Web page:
Air quality in Illinois

Air quality index (AQI) and PM2.5 air pollution in Illinois

LAST UPDATE (local time)

LIVE AQI CITY RANKING

Real-time Illinois
Most polluted city ranking

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#cityUS AQI
1 Crainville

80

2 Rockford

68

3 South Lawndale

67

4 Lake Forest

66

5 Riverside

64

6 Chicago

60

7 Alsip

58

8 Darien

56

9 McLeansboro

56

10 Lansing

54

(local time)

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LIVE AQI CITY RANKING

Real-time Illinois
Cleanest city ranking

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#cityUS AQI
1 Naperville

0

2 Sparta

0

3 Rockton

19

4 Cicero

25

5 Hampshire

26

6 Springfield

28

7 Jerseyville

30

8 DeKalb

33

9 Northbrook

33

10 Peoria

33

(local time)

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Good
Moderate
Unhealthy for sensitive groups
Unhealthy
Very unhealthy
Hazardous
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How to best protect from air pollution?

Reduce your air pollution exposure in Illinois

How much air pollution is there in Illinois?

Illinois is a state in the Midwestern region of the United States. The capital of Illinois is Springfield, which is located in the central part of the state. Although today Illinois's largest population centre is in its northeast, around Chicago. In 2019, the estimated population was just over 12.6 million people.

The Port of Chicago is connected to international ports via two main routes: through the Great Lakes, via the Saint Lawrence Seaway, to the Atlantic Ocean and from the Great Lakes to the Mississippi River, via the Illinois River. The international airport of O’Hare in Chicago is consistently reported as being one of the busiest airports in the world.

Looking at the latest air quality figures published by IQAir, it can be seen that Chicago enjoyed a period of “good” quality air during 2020. The average annual figure was 11.1 µg/m³. However, for 5 months of the year, the WHO target figure of 10 µg/m³ or less was achieved. February, March, April, June and November recorded figures as being “Good” with readings between 10 and 12 µg/m³. The remaining two months of January and December saw air quality ranked as “Moderate” with figures between 12.1 and 35.4 µg/m³.

Looking back at historic figures over the past few years it seems that Chicago’s air quality is fluctuating. In 2017 the level was 6.7 µg/m³, it became slightly worse in 2018 with 9.4 µg/m³ and in 2019 it was recorded as being “Moderate” quality with 12.8 µg/m³. But then an improvement in 2020 with 11.1 µg/m³.

What are the sources of air pollution in Illinois?

Cars, trucks, and buses are a significant source of air pollution in Illinois, with air pollution from vehicles affecting everyone. Additionally, there are over 5 million people living in Cook County, which includes Chicago, all of whom experience air pollution from transportation that is amongst the worst in the nation.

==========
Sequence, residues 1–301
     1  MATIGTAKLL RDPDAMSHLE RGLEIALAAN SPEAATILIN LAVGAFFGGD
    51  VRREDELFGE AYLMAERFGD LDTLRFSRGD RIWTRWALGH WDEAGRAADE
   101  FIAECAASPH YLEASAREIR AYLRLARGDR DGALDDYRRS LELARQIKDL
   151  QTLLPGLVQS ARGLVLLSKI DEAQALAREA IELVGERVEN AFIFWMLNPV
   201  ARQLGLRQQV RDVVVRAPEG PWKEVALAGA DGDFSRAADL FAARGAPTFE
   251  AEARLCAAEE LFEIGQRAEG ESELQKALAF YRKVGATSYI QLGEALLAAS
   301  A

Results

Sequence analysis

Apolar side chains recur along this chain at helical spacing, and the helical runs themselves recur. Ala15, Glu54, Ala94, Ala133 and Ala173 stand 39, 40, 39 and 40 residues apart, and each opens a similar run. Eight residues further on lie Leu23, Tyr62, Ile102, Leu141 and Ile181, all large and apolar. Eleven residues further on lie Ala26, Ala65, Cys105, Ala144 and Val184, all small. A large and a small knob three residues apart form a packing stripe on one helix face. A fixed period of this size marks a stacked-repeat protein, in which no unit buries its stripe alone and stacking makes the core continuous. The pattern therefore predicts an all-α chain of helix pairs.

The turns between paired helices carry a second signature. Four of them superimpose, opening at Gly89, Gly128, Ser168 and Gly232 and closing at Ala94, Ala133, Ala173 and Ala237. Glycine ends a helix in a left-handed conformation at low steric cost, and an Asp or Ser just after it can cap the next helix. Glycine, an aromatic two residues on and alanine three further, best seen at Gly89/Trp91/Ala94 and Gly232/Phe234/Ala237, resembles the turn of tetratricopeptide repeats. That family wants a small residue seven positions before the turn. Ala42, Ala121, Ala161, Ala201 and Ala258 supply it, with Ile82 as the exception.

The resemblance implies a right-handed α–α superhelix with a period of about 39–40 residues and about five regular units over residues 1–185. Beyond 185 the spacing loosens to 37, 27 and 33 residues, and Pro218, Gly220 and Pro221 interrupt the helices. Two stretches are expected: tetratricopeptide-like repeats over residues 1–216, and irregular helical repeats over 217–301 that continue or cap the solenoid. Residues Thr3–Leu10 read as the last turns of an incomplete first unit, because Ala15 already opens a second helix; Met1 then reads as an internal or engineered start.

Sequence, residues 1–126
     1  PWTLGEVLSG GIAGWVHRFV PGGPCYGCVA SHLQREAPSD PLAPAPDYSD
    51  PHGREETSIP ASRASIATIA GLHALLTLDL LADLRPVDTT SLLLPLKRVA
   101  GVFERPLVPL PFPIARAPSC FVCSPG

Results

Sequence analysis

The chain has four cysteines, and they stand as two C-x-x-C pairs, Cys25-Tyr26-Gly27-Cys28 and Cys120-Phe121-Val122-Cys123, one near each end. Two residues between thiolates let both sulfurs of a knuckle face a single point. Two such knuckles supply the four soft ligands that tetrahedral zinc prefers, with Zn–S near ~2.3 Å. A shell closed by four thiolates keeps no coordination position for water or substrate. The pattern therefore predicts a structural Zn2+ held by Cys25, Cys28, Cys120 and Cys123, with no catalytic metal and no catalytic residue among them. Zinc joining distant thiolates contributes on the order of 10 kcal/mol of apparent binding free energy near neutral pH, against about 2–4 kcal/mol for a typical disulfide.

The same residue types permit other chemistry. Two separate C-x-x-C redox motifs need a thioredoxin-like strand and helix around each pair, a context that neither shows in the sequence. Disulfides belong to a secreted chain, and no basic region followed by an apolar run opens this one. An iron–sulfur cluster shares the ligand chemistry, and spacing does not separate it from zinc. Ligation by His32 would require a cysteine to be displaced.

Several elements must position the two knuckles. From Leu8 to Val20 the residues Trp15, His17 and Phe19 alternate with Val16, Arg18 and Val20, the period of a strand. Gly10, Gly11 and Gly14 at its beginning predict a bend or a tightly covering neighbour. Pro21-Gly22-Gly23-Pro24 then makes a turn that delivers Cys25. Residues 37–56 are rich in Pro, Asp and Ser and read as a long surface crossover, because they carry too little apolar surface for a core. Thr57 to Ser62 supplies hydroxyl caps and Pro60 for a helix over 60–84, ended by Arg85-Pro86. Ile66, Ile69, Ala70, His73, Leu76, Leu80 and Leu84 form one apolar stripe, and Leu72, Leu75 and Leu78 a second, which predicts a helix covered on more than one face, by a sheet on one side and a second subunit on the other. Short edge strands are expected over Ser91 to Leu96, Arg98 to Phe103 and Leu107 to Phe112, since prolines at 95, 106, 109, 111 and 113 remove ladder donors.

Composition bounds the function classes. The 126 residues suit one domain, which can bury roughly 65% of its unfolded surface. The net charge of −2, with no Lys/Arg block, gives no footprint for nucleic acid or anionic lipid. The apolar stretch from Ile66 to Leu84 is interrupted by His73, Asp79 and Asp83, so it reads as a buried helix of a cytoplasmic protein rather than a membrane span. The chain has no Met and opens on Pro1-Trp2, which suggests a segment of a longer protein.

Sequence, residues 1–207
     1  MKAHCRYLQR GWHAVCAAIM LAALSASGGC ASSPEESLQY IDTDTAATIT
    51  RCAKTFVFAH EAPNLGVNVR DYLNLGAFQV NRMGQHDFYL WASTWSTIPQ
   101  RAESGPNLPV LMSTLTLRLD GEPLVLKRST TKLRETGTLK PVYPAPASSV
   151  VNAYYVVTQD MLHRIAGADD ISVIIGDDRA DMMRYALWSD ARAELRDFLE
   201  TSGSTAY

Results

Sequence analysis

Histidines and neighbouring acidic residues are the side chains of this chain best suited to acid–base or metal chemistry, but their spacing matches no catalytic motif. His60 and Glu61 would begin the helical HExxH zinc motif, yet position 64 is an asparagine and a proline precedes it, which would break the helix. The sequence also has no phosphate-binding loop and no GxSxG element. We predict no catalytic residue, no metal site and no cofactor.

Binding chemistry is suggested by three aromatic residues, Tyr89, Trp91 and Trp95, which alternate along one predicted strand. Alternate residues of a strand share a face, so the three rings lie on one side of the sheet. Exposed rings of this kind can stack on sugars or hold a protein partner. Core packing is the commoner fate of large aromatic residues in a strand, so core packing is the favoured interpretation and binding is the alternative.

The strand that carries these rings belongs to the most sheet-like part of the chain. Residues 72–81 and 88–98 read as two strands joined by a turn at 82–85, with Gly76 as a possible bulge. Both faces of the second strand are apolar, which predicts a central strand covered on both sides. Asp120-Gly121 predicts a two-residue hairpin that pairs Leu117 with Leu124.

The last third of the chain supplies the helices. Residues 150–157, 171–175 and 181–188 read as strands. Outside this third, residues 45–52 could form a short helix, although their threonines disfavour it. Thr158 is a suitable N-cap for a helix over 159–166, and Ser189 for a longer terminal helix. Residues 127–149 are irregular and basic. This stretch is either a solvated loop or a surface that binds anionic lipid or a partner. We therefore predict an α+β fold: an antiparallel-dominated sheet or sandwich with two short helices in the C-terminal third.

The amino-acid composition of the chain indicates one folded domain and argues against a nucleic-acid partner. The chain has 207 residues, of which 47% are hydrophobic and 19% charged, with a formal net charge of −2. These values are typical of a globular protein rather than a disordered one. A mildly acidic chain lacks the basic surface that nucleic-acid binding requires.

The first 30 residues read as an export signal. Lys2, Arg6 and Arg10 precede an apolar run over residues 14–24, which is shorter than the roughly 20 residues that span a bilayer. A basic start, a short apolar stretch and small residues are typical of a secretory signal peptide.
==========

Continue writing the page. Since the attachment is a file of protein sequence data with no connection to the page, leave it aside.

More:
How does Illinois rank in the air pollution stakes?

The American Lung Association publishes annual reports about the air quality in most states in the US. The report released in January 2019 ranked Chicago as the 18th most polluted city when considering the levels of ozone (O3). This is actually worse because during the previous year it was ranked as 22nd. The report concluded that Chicago was subject to 14 days when ozone levels were too high to be accepted. The average for the previous year was 9.8 unhealthy days!

The increase in ozone production is mainly due to an increase in the number of vehicles using the roads and the rise in temperature which produces hotter weather. The three years of 2015 - 2017 were recorded as being the hottest on record.

The other airborne pollutant which is monitored is PM2.5 which consists of soot or tiny particles that come from coal-fired power stations, vehicle emissions, wildfires and wood-burning devices. It is noteworthy that, unlike ozone, PM2.5 concentrations are on the decline due to stricter emission controls and the phasing out of some coal-fired power stations.

What can be done to lessen the risk of poor air quality in Illinois?

At the end of January 2020, a report was published that highlighted the poor air quality in and around the Chicago region. The report shows that over 9 million people in the region lived through more than 100 days of moderate air pollution or worse. Peoria, Springfield and the Metro East St. Louis region also saw more than 100 days of poor air quality in 2018. The new national statistics from 2018 used in the report represent the most recent data available.

Electricity generation and transportation are the two most polluting sectors and pollution is responsible for killing hundreds of people a year in Illinois. What is needed is a transition to clean renewable power sources such as wind and solar, whilst promoting the use of electric cars, buses and transport that eliminates pollution in Illinois.

Due to global warming, higher temperatures and more severe wildfires increase air pollution and consequently, the threat to human health.